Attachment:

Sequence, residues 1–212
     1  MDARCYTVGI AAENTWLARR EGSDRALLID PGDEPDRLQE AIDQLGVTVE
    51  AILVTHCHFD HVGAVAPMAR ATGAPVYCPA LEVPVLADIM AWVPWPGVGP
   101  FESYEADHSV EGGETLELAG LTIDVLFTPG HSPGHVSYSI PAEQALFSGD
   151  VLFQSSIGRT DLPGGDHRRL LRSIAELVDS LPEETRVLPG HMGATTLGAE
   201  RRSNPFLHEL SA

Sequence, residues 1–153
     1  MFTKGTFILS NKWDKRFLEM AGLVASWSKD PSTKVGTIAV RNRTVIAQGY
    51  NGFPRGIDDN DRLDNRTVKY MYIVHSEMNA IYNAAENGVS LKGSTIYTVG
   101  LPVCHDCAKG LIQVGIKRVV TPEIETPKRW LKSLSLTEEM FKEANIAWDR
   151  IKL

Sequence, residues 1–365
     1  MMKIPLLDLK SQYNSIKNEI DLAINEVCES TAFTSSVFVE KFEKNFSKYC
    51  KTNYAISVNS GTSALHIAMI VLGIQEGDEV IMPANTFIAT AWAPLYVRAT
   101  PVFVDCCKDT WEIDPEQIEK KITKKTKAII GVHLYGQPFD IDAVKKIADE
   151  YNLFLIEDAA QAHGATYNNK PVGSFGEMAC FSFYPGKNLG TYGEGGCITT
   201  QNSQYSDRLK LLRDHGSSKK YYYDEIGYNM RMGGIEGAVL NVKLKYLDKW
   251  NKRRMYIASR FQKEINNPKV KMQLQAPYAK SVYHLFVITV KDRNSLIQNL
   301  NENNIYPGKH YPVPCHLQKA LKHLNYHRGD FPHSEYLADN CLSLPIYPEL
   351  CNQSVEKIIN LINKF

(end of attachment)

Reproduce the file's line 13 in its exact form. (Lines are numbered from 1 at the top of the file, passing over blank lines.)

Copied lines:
     1  MMKIPLLDLK SQYNSIKNEI DLAINEVCES TAFTSSVFVE KFEKNFSKYC